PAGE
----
Spring 2018 - CMPT 431 D100
Distributed Systems (3)
Class Number: 12458
Delivery Method: In Person
Course Times + Location:
We 1:30 PM – 2:20 PM
SUR 3240, Surrey
Fr 12:30 PM – 2:20 PM
SUR 3240, Surrey
Exam Times + Location:
Apr 21, 2018
12:00 PM – 3:00 PM
1 778 782-8639
Office: SUR 4134
Prerequisites:CMPT 300, 371.
An introduction to distributed systems: systems consisting of multiple physical components connected over a network. Architectures of such systems, ranging from client-server to peer-to-peer. Distributed systems are analyzed via case studies of real network file systems, replicated systems, sensor networks and peer-to-peer systems. Hands-on experience designing and implementing a complex distributed system. Students with credit for CMPT 401 before September 2008 may not take this course for further credit.
This course is about distributed computer systems: systems built of multiple independent components that communicate via network and coordinate their activity to accomplish a common computational task. We will focus on understanding the most difficult issues involved in design of such systems: failure modes, synchronization, coordination and agreement, maintaining data consistency, security, replication, etc. Course readings are based mostly on original research papers. A reading list will be provided on the course web page. There will be two programming assignments and one final project. A group project will take most of the semester and involve implementation of a distributed system. You will need to focus on challenging system design issues during the assignments and the project, so your programming skills must be solid.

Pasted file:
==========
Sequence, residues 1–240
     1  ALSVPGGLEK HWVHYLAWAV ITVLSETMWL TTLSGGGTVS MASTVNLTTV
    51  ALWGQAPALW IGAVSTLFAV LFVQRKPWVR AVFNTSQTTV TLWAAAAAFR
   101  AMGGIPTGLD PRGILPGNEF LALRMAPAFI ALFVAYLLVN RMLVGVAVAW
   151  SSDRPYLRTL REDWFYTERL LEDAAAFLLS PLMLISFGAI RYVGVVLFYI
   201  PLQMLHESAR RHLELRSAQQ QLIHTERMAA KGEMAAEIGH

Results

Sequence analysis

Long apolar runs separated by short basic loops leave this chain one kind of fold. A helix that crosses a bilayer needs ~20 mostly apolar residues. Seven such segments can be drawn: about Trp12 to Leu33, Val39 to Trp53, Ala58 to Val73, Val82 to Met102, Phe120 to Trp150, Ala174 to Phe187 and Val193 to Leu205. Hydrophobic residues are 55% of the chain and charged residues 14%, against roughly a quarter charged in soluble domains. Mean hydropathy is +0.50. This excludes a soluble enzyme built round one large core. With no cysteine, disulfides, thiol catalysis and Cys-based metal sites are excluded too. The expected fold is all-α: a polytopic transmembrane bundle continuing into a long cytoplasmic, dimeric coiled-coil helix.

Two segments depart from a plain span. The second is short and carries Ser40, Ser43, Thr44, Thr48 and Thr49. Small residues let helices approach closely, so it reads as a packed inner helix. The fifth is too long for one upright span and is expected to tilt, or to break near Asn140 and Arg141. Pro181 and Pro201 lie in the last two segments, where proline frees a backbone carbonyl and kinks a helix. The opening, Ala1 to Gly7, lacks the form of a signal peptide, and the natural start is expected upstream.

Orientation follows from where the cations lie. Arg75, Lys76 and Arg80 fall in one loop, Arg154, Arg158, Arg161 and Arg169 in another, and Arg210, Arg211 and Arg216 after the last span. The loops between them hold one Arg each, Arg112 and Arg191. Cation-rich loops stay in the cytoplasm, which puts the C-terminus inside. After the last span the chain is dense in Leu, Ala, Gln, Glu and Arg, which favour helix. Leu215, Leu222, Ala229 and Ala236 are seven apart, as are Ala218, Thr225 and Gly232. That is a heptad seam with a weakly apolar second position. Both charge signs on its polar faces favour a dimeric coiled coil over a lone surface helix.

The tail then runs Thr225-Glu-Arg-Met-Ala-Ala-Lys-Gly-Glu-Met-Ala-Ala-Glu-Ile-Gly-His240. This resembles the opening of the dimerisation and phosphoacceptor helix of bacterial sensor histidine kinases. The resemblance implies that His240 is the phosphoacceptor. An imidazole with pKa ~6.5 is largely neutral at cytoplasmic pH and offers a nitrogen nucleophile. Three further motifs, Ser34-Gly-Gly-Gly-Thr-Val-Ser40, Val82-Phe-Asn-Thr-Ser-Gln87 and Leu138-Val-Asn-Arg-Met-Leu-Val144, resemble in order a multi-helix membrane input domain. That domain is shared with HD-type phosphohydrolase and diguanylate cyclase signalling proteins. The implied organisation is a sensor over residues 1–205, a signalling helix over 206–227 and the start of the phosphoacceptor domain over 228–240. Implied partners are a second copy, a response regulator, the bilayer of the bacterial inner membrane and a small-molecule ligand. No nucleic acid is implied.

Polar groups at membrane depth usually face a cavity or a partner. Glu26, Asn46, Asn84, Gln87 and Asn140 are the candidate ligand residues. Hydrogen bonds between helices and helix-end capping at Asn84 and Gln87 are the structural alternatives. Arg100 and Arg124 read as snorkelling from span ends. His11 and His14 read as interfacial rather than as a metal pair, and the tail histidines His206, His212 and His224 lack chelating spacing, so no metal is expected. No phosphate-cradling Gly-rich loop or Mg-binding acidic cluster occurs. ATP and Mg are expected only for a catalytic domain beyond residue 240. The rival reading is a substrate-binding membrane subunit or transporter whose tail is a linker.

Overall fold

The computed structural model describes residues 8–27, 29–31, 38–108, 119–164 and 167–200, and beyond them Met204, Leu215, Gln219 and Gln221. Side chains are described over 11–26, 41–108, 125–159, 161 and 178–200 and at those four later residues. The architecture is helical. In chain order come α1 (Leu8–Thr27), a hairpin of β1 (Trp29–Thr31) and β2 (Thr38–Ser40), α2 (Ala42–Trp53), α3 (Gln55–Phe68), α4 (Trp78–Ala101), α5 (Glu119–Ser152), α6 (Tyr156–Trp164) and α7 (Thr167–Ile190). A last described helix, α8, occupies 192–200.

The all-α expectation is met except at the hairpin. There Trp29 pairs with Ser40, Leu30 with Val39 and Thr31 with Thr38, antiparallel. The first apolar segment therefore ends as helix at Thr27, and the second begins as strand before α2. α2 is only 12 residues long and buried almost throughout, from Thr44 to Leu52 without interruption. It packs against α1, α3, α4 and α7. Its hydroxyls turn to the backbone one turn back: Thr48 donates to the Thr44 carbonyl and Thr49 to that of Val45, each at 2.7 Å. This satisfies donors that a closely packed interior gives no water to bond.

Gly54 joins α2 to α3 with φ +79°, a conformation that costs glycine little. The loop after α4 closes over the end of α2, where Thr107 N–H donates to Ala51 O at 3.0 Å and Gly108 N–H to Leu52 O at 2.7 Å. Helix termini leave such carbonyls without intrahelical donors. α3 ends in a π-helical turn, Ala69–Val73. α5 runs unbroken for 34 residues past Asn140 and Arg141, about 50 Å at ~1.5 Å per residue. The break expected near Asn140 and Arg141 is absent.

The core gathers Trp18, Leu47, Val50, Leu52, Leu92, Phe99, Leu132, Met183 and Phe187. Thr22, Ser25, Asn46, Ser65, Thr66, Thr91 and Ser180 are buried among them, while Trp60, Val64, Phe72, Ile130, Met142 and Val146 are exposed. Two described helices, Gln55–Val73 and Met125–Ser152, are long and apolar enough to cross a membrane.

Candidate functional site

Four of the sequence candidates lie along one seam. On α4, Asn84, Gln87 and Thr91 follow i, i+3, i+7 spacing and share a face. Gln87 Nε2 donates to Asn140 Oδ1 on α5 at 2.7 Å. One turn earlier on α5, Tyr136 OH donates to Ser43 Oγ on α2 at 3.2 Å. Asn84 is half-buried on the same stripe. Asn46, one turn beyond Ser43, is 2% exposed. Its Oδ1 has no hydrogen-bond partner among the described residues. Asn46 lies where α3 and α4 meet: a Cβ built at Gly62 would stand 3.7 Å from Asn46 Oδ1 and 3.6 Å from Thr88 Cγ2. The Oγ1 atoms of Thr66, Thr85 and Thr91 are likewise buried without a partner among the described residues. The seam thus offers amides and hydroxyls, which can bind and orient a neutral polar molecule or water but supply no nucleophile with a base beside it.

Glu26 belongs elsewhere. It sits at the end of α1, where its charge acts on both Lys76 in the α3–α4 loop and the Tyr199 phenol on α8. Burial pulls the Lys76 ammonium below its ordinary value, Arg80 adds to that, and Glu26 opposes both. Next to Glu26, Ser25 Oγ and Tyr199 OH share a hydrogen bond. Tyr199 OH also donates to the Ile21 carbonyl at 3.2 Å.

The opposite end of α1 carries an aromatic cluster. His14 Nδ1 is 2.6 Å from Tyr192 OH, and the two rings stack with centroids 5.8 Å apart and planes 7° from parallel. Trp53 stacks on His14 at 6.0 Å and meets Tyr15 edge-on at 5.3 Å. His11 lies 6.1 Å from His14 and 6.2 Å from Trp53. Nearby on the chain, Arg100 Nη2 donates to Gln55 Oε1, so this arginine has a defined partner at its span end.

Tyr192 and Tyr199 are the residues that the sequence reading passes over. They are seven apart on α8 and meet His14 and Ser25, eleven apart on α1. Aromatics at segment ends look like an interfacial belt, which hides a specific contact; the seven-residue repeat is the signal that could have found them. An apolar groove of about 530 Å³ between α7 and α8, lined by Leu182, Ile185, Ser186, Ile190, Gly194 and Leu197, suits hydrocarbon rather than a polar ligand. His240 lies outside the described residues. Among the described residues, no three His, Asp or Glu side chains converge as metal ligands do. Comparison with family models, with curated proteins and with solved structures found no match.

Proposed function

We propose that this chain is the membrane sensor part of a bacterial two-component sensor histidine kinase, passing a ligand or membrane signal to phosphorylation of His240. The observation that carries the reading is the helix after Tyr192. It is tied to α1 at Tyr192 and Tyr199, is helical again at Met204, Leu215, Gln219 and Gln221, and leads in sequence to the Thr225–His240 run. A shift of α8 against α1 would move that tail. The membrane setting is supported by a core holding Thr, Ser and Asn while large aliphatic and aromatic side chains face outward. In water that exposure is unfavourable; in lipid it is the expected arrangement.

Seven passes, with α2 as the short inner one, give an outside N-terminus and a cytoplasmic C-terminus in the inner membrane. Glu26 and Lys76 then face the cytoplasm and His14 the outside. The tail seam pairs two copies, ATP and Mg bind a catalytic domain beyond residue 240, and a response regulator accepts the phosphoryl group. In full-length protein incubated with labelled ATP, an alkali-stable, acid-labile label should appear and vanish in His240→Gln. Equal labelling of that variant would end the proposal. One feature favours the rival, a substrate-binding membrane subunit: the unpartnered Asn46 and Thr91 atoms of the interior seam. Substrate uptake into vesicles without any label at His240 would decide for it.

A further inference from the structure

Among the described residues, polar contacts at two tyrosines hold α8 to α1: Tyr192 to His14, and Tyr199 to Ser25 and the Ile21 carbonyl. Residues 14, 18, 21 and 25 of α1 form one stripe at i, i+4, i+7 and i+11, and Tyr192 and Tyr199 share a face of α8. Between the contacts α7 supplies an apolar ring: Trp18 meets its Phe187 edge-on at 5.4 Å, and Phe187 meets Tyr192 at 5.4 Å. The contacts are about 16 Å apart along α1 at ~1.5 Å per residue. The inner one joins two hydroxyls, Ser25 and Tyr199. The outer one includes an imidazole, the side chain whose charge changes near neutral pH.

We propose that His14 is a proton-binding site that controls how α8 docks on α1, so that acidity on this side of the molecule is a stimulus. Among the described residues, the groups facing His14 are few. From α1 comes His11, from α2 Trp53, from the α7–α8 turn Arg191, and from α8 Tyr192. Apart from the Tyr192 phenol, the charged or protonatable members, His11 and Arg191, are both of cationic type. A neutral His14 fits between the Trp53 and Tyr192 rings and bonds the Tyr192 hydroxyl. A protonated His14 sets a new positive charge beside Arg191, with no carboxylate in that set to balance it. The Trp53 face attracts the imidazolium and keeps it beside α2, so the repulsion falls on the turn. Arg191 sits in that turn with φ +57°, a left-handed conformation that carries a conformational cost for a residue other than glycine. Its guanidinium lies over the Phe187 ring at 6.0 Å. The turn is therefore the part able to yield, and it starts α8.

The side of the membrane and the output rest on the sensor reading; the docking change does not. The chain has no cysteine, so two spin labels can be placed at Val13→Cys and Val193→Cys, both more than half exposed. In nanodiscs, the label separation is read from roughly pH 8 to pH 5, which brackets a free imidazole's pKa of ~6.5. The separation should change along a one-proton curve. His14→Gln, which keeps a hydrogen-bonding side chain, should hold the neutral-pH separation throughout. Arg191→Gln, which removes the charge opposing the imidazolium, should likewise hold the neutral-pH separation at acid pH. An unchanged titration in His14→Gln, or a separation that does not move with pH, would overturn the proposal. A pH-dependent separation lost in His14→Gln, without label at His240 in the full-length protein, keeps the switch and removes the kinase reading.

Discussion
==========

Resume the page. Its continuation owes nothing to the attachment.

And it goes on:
COURSE-LEVEL EDUCATIONAL GOALS:
- Motivation for and characteristics of distributed systems. Architecture and design goals
- Synchronization and concurrency. Operating system support for concurrent programming
- Failure semantics in distributed systems
- Communication protocols
- Interprocess communication. RPC, RMI.
- Distributed file systems. Case studies: NFS, Google FS
- Applications: large-scale distributed simulations, e.g. real-time online games
- Mobile and ubiquitous computing
- Peer-to-peer systems
- Your grade will be based on homework and programming project assignments and class participation.
Distributed Systems. Principles and Paradigms. 2nd edition., Tanenbaum, Van Steen, Prentice Hall, 2006
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